Are Ovarian Cysts During Pregnancy Dangerous?

I am 35 and 13 weeks into my second pregnancy. Four weeks ago, I went to the hospital for pain in my lower right quadrant. A sonogram showed a cyst on my right ovary, about 15cm. The doctor has had me in bed since then, and I have had two more sonograms. It hasn't gone down. The doctors seem to think it is fluid-filled and not cancerous. Can cysts really go down on their own? How long should I wait to see if it will go down? Have you heard of any cysts this large during pregnancy, and do they pose a danger to the baby?

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Cysts (fluid-filled structures) can go down on their own, but it is unlikely a 15cm cyst in pregnancy will do so. Cysts and pregnancy are not that uncommon, affecting about 1 in 1,000 pregnant women. The vast majority of ovarian masses found during pregnancy are benign; the incidence of ovarian cancer is 1 in 25,000 births. Ultrasound can be helpful in determining if a mass is benign or malignant, but it cannot do so with 100 percent certainty. If ultrasound shows that the mass is strictly fluid-filled, without septation or thick walls, it is probably benign.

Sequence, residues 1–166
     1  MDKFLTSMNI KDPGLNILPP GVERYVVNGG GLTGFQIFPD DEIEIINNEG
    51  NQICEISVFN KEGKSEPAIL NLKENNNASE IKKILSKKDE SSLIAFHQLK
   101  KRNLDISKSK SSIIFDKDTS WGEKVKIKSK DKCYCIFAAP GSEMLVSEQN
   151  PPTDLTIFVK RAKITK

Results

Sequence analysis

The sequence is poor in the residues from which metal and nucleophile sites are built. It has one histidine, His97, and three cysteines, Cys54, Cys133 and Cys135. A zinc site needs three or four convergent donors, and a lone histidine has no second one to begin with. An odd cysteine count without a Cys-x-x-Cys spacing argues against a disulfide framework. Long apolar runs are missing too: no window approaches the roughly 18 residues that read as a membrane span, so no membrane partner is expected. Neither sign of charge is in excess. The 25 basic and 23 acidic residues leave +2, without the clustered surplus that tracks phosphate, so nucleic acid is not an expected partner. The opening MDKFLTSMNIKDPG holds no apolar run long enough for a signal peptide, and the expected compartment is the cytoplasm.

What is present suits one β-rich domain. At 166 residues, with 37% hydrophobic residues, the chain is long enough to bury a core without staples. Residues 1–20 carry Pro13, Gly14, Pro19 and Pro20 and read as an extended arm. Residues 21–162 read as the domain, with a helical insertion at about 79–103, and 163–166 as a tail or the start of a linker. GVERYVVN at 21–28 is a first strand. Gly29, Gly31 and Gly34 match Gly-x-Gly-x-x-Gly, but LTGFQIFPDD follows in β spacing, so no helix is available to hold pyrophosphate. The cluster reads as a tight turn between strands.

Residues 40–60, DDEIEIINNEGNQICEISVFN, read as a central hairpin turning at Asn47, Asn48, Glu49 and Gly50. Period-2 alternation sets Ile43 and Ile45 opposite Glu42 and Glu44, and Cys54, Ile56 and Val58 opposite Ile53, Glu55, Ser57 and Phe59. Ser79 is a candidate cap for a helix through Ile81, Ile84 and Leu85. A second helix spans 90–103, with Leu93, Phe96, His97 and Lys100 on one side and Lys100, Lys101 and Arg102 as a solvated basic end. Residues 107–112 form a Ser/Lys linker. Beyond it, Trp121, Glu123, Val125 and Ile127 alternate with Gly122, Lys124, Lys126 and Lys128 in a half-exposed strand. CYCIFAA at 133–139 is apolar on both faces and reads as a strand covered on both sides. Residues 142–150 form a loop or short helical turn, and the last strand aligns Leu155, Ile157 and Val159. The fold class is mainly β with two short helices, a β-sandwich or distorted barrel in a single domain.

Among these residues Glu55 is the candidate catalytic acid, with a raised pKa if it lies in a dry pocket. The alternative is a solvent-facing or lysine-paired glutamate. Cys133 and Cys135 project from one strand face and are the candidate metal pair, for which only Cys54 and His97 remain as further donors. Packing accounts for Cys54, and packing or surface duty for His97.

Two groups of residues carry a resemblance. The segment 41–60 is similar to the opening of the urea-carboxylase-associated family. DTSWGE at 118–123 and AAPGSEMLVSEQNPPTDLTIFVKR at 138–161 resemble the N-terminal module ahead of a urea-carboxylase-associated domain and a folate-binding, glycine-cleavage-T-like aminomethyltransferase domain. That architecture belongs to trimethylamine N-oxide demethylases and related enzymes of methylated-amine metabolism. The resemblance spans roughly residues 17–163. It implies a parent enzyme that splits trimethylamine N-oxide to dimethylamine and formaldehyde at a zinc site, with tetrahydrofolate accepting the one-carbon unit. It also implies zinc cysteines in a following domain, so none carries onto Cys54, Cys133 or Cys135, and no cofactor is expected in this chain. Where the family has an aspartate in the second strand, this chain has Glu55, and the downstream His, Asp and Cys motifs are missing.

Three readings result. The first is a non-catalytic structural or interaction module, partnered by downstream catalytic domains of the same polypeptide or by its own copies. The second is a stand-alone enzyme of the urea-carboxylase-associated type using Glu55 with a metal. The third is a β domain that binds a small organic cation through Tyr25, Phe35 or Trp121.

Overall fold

The problem with large, even benign, cysts during pregnancy is that they may rupture or torse (twist on themselves). Either of these events leads to significant pain for mom and the potential for miscarriage or preterm labor and delivery for the baby. Large (more than 6-8cm) cysts are usually removed surgically if they do not decrease in size spontaneously over the course of a few weeks. In pregnancy, the best time to operate is in the second trimester, ideally around 14-16 weeks. Occasionally, pregnancy cysts may be dealt with via laparoscopy, but very large cysts often require a large, open incision.

A 15 cm cyst is rather big, and the potential for complications like rupture is high. If it has remained for more than two weeks, I suggest you talk to your doctor about your option. Your doctor may have been just watching you for now, until you get out of the first trimester (the first 13 weeks of pregnancy). I have removed several masses this size during pregnancy, and all of my patients went on to deliver normal, healthy babies.
 

by Kelly Shanahan

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